It's so cool to see the places my ancestors came from. Not a great suprise to see it looks very like Pennsylvania where they settled.

I suppose what I want to know is what the landscape is like, what people did to make a living, especially back in the 1600's to early 1700's, was there some special industry besides farming. What crops does the land best support. Was it a sheep area, or cattle. What was the dress like. Is it an area that is close in its history to its German counterparts, or was it more influenced by it's Dutch neighbors, or was everyone just trying to make a living. I don't know what I want to know. I suppose what little tidbits of history and culture makes this area what it is.

As I think of more questions I'll ask! rolleyes.gif

Thanks

BTW, do either of you have any idea where the name Berkey would have originated from? We were always told German. But it would be Swiss or Austrian or who knows what. Could have been spelled Burkey at one time as well.

Posted by: Aon_Daonna 18-Feb-2004, 12:28 PM
Berkey? hmm I don't have a clue.. btw, there is photos of the landscape in the niederrhein touristic page, just go and look around regardless of the language.. there should be photos.
The thing about that area is: it's very flat. There are alot of old farms around that still look alot like a hundred years ago if you can imagine them without modern gear.
There is alot of World War II things around, like the Tank-stops and the motorways which were built for quick transport of troups to the front. As well some strips of the motorways are completely flat and were built for bombers to land on and the like.

There is a peculiarity that you find at the Niederrhein. Alleys of a certain type of tree which is capped at the top frequently (the look awful in that time) to form some sort of bulb on the top of the stem. It's on the opening page of the Niederrhein touristic page the bottom right photo.
Another thing alot of ppl think of when they think of the region is windmills...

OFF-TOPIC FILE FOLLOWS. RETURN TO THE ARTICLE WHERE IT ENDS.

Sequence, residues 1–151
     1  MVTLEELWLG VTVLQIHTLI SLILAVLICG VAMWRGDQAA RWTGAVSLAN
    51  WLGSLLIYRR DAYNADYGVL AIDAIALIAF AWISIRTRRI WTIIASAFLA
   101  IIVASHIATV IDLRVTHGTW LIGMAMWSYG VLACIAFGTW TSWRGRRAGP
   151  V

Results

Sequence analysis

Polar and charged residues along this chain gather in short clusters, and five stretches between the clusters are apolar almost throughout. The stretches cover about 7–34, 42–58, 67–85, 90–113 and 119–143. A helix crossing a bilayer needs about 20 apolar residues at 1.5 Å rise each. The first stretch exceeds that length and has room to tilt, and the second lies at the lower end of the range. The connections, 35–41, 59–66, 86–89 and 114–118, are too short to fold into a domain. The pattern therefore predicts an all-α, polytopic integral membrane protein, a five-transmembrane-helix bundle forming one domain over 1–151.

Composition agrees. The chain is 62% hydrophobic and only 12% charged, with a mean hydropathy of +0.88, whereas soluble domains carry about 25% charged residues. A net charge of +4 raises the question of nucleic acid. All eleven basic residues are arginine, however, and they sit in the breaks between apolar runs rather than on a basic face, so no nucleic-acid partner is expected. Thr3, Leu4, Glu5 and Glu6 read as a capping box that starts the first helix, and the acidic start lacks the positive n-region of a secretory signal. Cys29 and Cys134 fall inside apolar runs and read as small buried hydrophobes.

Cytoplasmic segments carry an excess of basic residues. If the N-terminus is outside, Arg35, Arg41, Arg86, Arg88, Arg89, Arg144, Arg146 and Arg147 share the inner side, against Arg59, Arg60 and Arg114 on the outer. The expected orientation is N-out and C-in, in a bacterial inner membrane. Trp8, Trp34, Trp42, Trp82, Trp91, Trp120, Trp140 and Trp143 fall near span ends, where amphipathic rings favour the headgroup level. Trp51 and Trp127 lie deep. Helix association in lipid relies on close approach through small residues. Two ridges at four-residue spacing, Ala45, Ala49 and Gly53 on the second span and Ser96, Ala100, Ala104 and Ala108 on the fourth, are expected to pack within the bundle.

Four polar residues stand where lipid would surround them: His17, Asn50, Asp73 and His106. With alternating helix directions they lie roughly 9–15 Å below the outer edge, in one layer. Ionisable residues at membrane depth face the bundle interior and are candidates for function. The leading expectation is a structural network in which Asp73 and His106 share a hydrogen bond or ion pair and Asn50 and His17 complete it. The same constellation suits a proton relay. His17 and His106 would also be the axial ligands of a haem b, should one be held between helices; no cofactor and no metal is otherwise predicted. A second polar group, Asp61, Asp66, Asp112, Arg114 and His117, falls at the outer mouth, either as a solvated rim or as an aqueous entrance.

EDIT: found a better photo
user posted image

Posted by: gaberlunzie 18-Feb-2004, 02:07 PM
Elspeth; if Berkey, Burkey is of German origin it MIGHT come from the name "Buerger", "Burger", which means "townsman, citizen".
Aon, what do you think?

RavenWing;

I found a bit about the surname "Scholl" in an encyclopaedia. It is said that "Scholl"
can have several meanings.

1) coming from "Scholle" which means a clod or a lump of earth and is related to "Bauer" which means "farmer" or - in the figurative meaning - a "clumsy man".

2) coming from an expression of an old form of German "schol" = "guilty"="instigator".

This is all I could find.

Posted by: Aon_Daonna 18-Feb-2004, 03:29 PM
well I found a village near Hameln which is called Berkel. I was having a look into Berkey but as a reference I only found Berkey in Ohio and an article about a German family who emigrated to that particular place (I think they were "Menonites" (how was it spelled?)). Since ppl often took up the name of the place they came from that might be a clue. A very wobbly one though.

Well, Berkey & Burkey are sounding similar when pronounced English so there might be a connection...

Posted by: RavenWing 18-Feb-2004, 03:47 PM
QUOTE (gaberlunzie @ Feb 18 2004, 08:07 PM)
Elspeth; if Berkey, Burkey is of German origin it MIGHT come from the name "Buerger", "Burger", which means "townsman, citizen".
Aon, what do you think?

RavenWing;

I found a bit about the surname "Scholl" in an encyclopaedia. It is said that "Scholl"
can have several meanings.

1) coming from "Scholle" which means a clod or a lump of earth and is related to "Bauer" which means "farmer" or - in the figurative meaning - a "clumsy man".

2) coming from an expression of an old form of German "schol" = "guilty"="instigator".

This is all I could find.

Wow, thanks for all the information. You really didn't have to go to all that trouble, though.

Posted by: gaberlunzie 18-Feb-2004, 03:53 PM
QUOTE (RavenWing @ Feb 18 2004, 04:47 PM)
QUOTE (gaberlunzie @ Feb 18 2004, 08:07 PM)
Elspeth; if Berkey, Burkey is of German origin it MIGHT come from the name "Buerger", "Burger", which means "townsman, citizen".
Aon, what do you think?

RavenWing;

I found a bit about the surname "Scholl" in an encyclopaedia. It is said that "Scholl"
can have several meanings.